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Over the past year, Stanford and Santa Clara County clashed over numerous issues. Here are three key points of contention.

Original post made on Nov 8, 2019

Stanford University and the county of Santa Clara took fundamentally opposing viewpoints on a few key development issues, eventually leading to the university's withdrawal on Nov. 1 of its general-use permit application.

Read the full story here Web Link posted Friday, November 8, 2019, 6:56 AM

Comments (2)

15 people like this
Posted by Anon
a resident of Another Palo Alto neighborhood
on Nov 8, 2019 at 3:52 pm

>> McCown said Stanford was being asked to deliver far more community benefits as part of the current proposal than was the case with its existing general use permit, approved in 2000.

This is one thing I just don't understand. Why is Stanford surprised that things are more difficult now than they were in the year 2000? I mean, don't these folks ever have to drive to Walnut Creek on a Friday afternoon? Do they ever drive down Oregon after 3:00PM . Do they ... you name it? The entire Bay Area has a massive traffic problem at practically all hours during weekdays between 6 AM and 8 PM. Rents are high. Home prices are high. Commutes are long. The world has changed. If "they", including Stanford, Cisco, Google, Facebook, whoever, want to increase employment, then "they" need to figure out how people are going to be housed and how they are going to get to work.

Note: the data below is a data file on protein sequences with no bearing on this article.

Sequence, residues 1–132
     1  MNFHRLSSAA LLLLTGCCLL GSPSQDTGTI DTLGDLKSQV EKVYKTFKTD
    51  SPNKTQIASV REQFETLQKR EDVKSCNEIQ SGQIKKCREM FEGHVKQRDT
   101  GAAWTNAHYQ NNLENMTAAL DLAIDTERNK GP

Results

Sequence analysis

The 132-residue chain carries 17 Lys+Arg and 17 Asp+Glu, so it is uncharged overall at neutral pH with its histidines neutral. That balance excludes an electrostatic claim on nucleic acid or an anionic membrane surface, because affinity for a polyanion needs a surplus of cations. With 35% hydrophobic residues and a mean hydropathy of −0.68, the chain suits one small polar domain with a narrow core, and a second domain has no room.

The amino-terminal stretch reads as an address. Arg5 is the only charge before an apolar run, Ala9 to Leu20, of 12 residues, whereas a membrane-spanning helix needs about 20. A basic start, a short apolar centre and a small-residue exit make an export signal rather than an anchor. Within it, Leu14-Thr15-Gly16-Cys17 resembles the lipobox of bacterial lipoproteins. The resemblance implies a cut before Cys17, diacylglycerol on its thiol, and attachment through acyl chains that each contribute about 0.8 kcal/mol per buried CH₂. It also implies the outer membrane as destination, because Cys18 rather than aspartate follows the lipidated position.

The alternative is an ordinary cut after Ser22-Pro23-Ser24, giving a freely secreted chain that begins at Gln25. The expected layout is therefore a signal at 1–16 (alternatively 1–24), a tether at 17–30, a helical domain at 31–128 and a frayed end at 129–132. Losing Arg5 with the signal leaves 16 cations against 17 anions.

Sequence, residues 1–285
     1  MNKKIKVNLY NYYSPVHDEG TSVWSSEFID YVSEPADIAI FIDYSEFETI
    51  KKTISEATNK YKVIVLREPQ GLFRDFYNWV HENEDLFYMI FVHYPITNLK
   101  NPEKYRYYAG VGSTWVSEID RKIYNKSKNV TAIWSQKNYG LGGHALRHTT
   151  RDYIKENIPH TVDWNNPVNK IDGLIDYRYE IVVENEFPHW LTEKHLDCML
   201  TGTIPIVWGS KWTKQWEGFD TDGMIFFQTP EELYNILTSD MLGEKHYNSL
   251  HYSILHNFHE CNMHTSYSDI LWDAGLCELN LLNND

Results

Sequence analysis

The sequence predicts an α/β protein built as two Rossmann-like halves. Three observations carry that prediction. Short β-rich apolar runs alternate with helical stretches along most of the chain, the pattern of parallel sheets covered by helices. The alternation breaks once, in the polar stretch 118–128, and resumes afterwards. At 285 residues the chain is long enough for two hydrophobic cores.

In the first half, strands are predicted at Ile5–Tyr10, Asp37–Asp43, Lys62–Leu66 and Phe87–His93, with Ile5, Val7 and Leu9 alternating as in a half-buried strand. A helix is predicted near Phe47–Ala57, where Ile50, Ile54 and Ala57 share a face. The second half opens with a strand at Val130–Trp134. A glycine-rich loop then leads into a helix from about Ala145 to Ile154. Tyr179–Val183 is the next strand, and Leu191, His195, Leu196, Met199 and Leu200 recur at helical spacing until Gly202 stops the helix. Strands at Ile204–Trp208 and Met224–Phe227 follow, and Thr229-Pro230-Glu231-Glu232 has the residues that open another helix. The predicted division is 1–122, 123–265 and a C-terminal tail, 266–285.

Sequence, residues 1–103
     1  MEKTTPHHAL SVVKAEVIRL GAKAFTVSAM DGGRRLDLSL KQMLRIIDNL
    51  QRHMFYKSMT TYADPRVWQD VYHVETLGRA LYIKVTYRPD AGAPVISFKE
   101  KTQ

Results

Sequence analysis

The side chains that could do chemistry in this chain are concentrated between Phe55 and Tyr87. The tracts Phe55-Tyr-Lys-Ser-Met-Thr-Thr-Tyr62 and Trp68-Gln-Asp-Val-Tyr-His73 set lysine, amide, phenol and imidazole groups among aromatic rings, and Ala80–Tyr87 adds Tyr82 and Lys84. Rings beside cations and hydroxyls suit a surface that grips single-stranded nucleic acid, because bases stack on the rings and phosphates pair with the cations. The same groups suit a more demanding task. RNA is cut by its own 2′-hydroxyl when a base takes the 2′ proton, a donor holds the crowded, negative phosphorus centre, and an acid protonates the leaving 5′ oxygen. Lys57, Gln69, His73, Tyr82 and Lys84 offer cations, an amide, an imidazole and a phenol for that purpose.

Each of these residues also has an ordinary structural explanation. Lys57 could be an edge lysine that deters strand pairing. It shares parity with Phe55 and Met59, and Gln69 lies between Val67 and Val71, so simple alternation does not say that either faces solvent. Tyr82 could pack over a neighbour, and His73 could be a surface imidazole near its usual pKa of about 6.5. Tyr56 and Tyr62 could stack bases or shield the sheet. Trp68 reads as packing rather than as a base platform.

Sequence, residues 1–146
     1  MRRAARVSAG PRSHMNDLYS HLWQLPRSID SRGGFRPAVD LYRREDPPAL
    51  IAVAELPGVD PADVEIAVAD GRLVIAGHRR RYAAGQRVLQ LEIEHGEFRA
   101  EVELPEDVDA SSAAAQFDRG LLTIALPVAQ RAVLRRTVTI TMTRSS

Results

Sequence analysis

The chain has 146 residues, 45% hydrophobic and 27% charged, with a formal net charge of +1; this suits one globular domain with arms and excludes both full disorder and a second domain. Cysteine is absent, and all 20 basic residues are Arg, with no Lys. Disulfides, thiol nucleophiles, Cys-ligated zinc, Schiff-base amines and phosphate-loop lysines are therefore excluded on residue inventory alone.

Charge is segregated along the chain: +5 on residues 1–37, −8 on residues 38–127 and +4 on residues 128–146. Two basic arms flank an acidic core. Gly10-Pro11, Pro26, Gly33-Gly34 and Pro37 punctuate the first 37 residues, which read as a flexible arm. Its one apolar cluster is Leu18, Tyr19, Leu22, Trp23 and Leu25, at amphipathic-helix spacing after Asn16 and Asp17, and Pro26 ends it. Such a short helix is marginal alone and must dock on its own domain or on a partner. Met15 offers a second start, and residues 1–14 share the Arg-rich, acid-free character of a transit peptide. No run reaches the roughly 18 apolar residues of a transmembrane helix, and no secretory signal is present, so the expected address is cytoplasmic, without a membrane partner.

5 people like this
Posted by Apple news
a resident of Duveneck/St. Francis
on Nov 8, 2019 at 8:35 pm

Apple announced a 1B (?) donation (to government and their hand-picked community/housing organizations, I think...) for housing for lower paid workers. Where?? When? How?
I wish there were more direct, simpler methods of building more housing (and a range of types) without excessive government mandates and bureaucracy. We seem to have more bureaucracy mushrooming to “administer” all this free, subsidized, other scheme housing paid for by us taxpayers. While sympathetic, it’s too subject to politicians’ pet interests and at OUR expense.
Increasing the supply would help naturally.
San Jose has potential across quite a large geographic area for MUCH more infill. I would offer immediate incentives for a range of housing styles aimed to appeal to growing millenial and tech class here.
Then, upgrade highways and transit routes ASAP in the region.


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